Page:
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Spain lawmakers advance transparency law to fight corruption

Spanish lawmakers on Thursday passed amendments to Spain's freedom of information law that aim to combat political corruption. The amendments, which increase accountability for the use of public funds [Reuters report], include political parties, the royal family, lobbies, unions and employers' associations. The new law will require all levels of government to provide clear public records concerning which companies have government contracts. The current transparency law [text, in Spanish] has been criticized for lacking these key features. Currently, Spain is the only EU country without a law guaranteeing citizens a right to information on how public funds are spent. I Advocacy groups such as Transparency International Spain [official website, in Spanish], encouraged [press release] Parliament to pass the law in order to provide a strong legal framework against corruption. The bill is expected to pass both houses of Parliament.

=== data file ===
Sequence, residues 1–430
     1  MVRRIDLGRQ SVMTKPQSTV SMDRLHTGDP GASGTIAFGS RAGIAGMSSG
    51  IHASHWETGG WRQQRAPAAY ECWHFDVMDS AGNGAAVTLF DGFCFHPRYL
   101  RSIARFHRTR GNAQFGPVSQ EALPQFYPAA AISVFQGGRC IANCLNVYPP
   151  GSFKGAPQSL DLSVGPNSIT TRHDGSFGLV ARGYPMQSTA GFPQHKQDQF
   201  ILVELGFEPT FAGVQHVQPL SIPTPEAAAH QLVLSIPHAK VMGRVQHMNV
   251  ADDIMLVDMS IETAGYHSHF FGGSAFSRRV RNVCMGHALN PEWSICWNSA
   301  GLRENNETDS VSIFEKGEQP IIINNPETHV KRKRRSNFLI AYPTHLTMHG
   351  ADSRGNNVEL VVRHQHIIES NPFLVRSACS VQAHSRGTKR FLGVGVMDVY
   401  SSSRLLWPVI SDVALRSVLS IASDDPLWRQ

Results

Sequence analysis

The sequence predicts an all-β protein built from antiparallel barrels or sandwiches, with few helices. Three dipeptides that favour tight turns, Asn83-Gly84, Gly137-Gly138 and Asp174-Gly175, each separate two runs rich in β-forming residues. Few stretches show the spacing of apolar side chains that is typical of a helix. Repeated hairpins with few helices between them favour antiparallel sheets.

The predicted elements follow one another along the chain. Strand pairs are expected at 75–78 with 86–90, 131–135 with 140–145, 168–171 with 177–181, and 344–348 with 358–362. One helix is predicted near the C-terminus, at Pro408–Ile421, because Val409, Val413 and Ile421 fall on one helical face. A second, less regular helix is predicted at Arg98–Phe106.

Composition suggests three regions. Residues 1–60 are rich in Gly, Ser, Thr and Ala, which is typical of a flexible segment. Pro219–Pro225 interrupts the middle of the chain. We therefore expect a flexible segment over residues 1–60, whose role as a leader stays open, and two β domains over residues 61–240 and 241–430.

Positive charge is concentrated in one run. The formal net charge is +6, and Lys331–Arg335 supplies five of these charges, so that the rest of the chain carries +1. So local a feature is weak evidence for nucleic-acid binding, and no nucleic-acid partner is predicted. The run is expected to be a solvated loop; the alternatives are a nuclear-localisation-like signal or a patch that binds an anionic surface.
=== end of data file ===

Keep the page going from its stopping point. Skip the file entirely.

The funding of political parties has been a contentious issue in Spain recently, and the unclear funding of political parties has led to a series of scandals in the past decade. Currently, the governing People's Party [official website] is under judicial investigation for alleged illegal financing. The scandal [Reuters report] involves politicians from the ruling political party who allegedly received kickbacks from a slush fund of corporate donations held in a Swiss bank. In June 2012 the Chief Justice of the Supreme Court of Spain [official website, in Spanish] resigned [JURIST report] over allegations that he used public funds for personal trips between 2008 and 2012. Carlos Divar [El Pais profile], who was also the chairman of the Supreme Judicial Council, announced [El Pais report] during a 20-member judicial oversight board meeting that he would step down from his position while rejecting the allegations against him.

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